The majority of women I have been in relationships with have had insecurity around their weight. It hasn’t mattered whether they were actually larger or decidedly thin, the perception of being “fat” – and thus unattractive – was often palpable. As a man who pays attention to limiting cultural constructs around relationships, and who doesn’t go with the oppressive flow, I often have found myself in a strange place when it comes to weight.
In response to “I’m fat” comments, I have offered compliments. Or flat out rejections of the statement. Or sometimes have simply said “I love you as you are.”
No doubt it’s good to have a partner who isn’t harping on you about weight, but at the end of the day, you have to believe it internally.
At the same time, there are powerful social biases which make this internal self acceptance challenging. It’s easy to find pseudo-scientific articles in magazines and newspapers defending the status quo of attractiveness. Which tends to revolve around white bodies in general, and with women in particular, tends to revolve around being young and thin. In other words, there are cultural reasons why black women in general tend to struggle to get dates, for example, and why women with larger, curvier bodies tend to get rejected or tossed into the friend-zone. And it’s not just a heterosexual thing. These same pattern can be found, at least to some degree, amongst gay, lesbian, trans and queer relationships as well.
On the other two blogs I maintain, I have been writing a lot about the general disconnect so many of us have with the Earth. This disconnect manifests not only in how we humans treat the planet, but also in how we see and experience our bodies. Body hatred is intimately tied to both the oppression of women and rejection of Earth as the source of life, abundance, and creation.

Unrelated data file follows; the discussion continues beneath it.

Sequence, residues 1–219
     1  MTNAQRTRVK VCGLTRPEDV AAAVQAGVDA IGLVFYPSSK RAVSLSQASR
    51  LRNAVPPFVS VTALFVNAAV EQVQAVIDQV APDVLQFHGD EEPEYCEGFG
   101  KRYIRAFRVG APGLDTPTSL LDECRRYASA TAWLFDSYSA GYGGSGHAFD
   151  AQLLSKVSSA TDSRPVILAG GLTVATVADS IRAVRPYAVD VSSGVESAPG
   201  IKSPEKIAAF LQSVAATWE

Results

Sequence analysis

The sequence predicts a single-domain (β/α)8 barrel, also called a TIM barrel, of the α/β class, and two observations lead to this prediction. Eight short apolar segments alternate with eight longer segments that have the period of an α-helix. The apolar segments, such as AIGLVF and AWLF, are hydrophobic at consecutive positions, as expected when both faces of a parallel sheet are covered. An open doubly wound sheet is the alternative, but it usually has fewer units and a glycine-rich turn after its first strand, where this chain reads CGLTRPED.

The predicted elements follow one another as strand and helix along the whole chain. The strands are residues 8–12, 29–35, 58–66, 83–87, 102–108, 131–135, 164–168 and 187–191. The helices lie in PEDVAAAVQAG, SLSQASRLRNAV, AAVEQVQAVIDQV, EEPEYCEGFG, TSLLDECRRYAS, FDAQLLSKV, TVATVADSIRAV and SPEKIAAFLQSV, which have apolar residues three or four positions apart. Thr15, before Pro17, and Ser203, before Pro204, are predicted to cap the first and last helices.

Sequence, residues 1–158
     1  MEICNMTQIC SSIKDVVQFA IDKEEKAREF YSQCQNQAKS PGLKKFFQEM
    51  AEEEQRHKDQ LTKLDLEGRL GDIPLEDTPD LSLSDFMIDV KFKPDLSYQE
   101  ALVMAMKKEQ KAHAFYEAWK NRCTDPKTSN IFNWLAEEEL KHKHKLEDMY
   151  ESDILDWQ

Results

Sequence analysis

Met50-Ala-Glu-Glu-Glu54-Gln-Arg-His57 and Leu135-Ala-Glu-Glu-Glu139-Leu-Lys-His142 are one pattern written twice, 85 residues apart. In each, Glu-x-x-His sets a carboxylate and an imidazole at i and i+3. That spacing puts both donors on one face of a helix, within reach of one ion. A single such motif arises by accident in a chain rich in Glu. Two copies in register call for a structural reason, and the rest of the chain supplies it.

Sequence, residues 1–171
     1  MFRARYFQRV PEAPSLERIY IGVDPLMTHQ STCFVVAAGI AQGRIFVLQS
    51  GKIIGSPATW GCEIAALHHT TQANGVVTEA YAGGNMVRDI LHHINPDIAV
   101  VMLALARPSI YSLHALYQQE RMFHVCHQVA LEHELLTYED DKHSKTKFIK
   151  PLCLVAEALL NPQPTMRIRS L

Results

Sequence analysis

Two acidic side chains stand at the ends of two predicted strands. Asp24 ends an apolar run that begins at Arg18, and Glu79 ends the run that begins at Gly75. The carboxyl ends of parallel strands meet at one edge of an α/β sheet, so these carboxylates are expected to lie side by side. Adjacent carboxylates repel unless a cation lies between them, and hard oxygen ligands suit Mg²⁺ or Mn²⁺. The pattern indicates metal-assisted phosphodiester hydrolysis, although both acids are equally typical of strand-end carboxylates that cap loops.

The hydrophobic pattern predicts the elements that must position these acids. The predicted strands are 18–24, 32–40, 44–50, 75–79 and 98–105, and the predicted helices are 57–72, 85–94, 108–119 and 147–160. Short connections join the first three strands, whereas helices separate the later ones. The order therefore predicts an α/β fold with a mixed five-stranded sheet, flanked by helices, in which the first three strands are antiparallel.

And so, a larger woman might be able to find a partner who loves her for who she is, but if she hasn’t unpacked the internalized oppression around body image, she might do everything in her power – usually unconsciously – to undermine the relationship. On the flip side, if the partner has chosen her mostly for her personality, he or she might end up undermining the relationship with body shaming, or associated negative behaviors. Sometimes, it takes years for this kind of stuff to emerge. Couples can be seemingly happy together, only to wake up one day to an outburst of anger and confusion that slowly, or rapidly tears them apart.
While I fully believe that our desires shift and change over the years, and that sometimes we naturally drift away from partners, it’s also true in other cases that busted up relationships become that way primarily due to unexamined assumptions and views. Because we live in our bodies, and literally store unprocessed experience in our bodies – there’s no way around it. In order to have conscious, thriving relationships, you have to learn to love your body, and feel the flow of life coming through you. Learning to love includes everything from choosing to lose weight if necessary, to standing tall and proud as you are, today, regardless of what others might think. It also means learning to liberate your desires from the narrow confines of the “proper” or “expected,” while also balancing that with a deep commitment to non-harming.
“Fat Bottomed Girls Again” @ Flickr